05 November 2006
chor. Marius Petipa & Lev Ivanov (1895), Aleksandr Gorsky (1901) / actual premiere 1877
The Mariinsky Ballet Company (Kirov) brought the celebrated classic to the National Arts Centre in Ottawa at the end of October, 2006, in the 1950 Konstantin Sergeyev recension, based on the 1895 original by Marius Petipa and Lev Ivanov. Nothing was spared: four acts, several principals, full orchestra with conductor, huge corps de ballet, and tons of gorgeous scenery. At the performance I attended Odette / Odile was interpreted with sensitivity and verve by principal dancer Daria Pavlenko, an exceptionally seductive Black Swan. Unfortunately, at a moment of heightened theatre, her furious 32 fouettés ronds de jambe en tournant en dehors ended in a fall (coda of the Black Swan pas de deux) — the sublime suddenly became human! First soloist Leonid Sarafanov was an elegant, beautiful Prince Siegfried, very much a youth, but strong and precise in movement, with impressive elevation — he commanded full attention. A rare unsteadiness happened with a male dancer, but when the corps was on stage its dancing was marvellously light as well as disciplined. In this version of Swan Lake, in contrast to most, there is a happy fairy-tale ending. The Ottawa audience gave a long standing ovation with cheers.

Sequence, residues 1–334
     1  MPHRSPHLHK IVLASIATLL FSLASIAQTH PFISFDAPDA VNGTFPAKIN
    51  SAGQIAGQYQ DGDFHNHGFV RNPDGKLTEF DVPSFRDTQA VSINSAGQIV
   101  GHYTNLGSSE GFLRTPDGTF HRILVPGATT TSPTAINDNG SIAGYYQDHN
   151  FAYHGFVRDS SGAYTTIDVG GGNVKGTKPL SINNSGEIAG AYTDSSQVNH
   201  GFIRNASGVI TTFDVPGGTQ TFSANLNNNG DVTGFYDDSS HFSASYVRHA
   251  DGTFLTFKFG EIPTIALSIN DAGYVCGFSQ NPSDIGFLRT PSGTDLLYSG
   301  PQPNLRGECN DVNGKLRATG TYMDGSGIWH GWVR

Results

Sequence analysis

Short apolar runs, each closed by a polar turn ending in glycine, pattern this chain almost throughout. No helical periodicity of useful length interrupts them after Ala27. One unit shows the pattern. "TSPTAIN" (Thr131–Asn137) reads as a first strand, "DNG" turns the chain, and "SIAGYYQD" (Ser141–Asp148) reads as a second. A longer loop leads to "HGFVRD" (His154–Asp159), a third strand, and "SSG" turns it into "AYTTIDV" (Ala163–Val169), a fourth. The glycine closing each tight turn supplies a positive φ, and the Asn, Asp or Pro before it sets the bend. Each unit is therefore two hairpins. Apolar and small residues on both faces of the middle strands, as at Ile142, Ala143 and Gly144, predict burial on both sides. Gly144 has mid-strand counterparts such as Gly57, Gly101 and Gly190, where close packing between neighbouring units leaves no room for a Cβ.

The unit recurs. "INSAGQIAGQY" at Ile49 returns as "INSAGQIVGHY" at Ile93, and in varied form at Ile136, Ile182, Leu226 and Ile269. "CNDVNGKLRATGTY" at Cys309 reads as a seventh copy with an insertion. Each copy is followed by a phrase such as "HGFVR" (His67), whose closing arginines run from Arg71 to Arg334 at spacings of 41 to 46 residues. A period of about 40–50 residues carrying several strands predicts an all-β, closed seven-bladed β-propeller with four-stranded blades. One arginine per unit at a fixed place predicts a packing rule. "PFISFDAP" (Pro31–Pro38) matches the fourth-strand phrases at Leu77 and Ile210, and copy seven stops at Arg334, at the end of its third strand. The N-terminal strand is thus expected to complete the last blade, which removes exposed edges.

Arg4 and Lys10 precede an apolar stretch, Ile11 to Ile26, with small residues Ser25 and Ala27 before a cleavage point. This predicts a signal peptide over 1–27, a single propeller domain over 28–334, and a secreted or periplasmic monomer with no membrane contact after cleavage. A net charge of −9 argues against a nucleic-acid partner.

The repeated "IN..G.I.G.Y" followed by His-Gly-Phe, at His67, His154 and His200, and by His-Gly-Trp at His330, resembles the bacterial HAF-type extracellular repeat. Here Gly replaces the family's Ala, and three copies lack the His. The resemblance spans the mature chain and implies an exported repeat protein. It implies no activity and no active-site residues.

Lewis Segal, reviewing the present tour, called the company "an imperishable achievement of Russian culture...[Despite] more than 70 years of [Soviet] government meddling, a ruinous imposed aesthetic and the resulting hack choreography, it not only sustained the highest standards but also completely reconfigured and modernized Western classicism. Where it dances, whatever it dances, greatness reigns."
[Los Angeles Times, 19 October 2006]
Posted by emeritus at 16:17